View each bid as a project; give it a leader and get them to own it. As soon as possible, start delegating sections to key contributors, and ask any clarifications. It’s common to underestimate the time and effort required to write a winning bid by 50% – so whatever you think it is going to take, double that figure!
Halloween is here again, and while you’re probably not so scared of vampires and monsters anymore, there’s still something that might send a shudder up your spine – tendering.
What is it that’s so off-putting about tendering to the public sector? The most common reason we’ve found it that the whole process seems quite frightening, especially for businesses that are new to tendering.
We agree, bidding can be a challenge and will require time, energy and resources. However, if you’re up for the challenge, and you meet a few basic requirements, then tendering can be an extremely profitable.
With the right knowledge and guidance, you’ll find that tendering isn’t scary after all. Here’s some tips to bidding for the public sector:
Are you bid ready? You’ll need to evidence your finances, and be able to provide relevant case studies and references. Other than these, the only other real requirements are bags of enthusiasm and time to devote to preparing your submission.
Find tender opportunities Once you’re bid-ready, you’ll then need to find potential contracts to bid for. If you’re interested in bidding to the public sector, there are a wide variety of free registers e.g. www.contractsfinder.service.gov.uk, but these can be quite torturous to navigate. You might consider using a paid-for search service (like our Search Service) to take the pain out of searching.
To bid, or not to bid… Having found a potential opportunity, ask yourself three fundamental questions: Can we deliver this? Can we present a winning case? Will it be profitable? Only if you can truly answer yes to each question, should you decide to bid.
Completing your bid Anyone who’s ever had the joy of competing in a public sector tendering process could be forgiven for losing the will to live after trying to wade through the ghastly amount of information requested. Here’s some tips to make this step as painless as possible:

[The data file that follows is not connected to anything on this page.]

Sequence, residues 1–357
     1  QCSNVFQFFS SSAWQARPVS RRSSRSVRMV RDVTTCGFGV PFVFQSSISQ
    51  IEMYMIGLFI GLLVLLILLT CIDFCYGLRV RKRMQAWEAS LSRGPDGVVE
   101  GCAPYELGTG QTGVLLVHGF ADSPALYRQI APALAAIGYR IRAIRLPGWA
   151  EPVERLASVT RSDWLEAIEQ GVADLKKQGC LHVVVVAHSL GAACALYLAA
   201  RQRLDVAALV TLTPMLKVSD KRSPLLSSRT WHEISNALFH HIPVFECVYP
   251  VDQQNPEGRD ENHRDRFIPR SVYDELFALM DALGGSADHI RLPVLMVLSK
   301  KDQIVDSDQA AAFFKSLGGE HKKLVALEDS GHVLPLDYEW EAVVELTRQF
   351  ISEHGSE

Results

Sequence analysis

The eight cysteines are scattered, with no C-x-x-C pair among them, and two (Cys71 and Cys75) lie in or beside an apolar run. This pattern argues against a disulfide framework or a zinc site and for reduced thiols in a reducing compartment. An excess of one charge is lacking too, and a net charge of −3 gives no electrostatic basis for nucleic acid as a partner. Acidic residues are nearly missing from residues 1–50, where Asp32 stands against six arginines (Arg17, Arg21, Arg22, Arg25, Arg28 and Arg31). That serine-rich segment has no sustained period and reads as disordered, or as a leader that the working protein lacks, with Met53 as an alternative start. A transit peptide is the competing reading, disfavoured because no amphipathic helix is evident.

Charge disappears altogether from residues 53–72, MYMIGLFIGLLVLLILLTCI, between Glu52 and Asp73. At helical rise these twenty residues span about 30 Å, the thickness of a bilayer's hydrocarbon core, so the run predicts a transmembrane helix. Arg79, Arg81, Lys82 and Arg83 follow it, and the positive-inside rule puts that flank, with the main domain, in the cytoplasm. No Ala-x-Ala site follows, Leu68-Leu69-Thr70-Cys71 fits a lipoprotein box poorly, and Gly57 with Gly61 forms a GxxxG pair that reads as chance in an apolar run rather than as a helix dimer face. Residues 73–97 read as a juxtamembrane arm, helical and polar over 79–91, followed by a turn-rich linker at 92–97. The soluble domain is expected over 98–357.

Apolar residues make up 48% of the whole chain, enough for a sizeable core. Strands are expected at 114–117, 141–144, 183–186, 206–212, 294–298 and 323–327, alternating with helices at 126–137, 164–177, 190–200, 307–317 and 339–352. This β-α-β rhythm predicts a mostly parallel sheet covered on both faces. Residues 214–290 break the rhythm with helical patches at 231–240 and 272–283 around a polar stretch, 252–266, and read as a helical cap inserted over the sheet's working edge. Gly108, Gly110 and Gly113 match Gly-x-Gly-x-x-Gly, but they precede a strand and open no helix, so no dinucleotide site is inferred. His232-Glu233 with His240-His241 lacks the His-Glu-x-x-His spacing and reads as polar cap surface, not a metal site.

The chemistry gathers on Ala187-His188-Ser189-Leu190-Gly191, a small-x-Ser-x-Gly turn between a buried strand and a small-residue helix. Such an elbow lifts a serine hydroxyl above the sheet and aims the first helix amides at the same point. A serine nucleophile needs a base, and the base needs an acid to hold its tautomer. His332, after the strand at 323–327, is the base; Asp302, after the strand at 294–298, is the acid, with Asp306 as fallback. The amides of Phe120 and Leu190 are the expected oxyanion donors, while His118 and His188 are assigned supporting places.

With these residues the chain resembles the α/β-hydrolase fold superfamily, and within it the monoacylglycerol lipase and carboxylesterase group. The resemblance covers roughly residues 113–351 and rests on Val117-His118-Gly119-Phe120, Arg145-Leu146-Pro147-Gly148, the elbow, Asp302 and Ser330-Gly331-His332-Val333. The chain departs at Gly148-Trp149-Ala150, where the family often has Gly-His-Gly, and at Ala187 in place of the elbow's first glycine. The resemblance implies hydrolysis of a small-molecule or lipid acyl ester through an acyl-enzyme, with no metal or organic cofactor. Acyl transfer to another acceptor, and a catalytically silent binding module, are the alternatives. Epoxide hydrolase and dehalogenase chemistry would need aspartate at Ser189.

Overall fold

- Don’t start until you’ve read everything – at least twice.
- Check you meet mandatory requirements – e.g. specific accreditations, minimum financial turnover, mandatory insurance levels.
- Understand the scoring system – so you know what is required to score top marks.
- Answer the question – it sounds obvious, but answer the question you’re asked, not the question you want to be asked.
- Answer all the questions – it’s so easy to inadvertently miss out a response requirement and miss out on points, or worse, be disqualified.
- Review – make sure your submission is as good as it can be. Oh, and definitely check for grammar, spelling and punctuation errors.
- Gathering feedback – You’ve finally submitted your bid, give yourself a pat on the back. Remember, you can’t win them all, so don’t expect success every time. Win or lose, ask for feedback on your bid.
‘Who ya gonna call?’
So, we’re not quite the Ghostbusters, but here at Onto the Page, we specialise in helping businesses find and win tenders (our win rate is over 70%).
Hopefully, we’ve helped demystify the tender process a little bit but if you’d like to know more, get in touch for a no-obligation chat. We will discuss any challenges you’re facing, answer any questions you have, and signpost you to services that will increase your success rate in tendering.
Believe us, once you have the right support, tendering really isn’t as scary as it seems.
Call me on 07591 206202 or email email@example.com.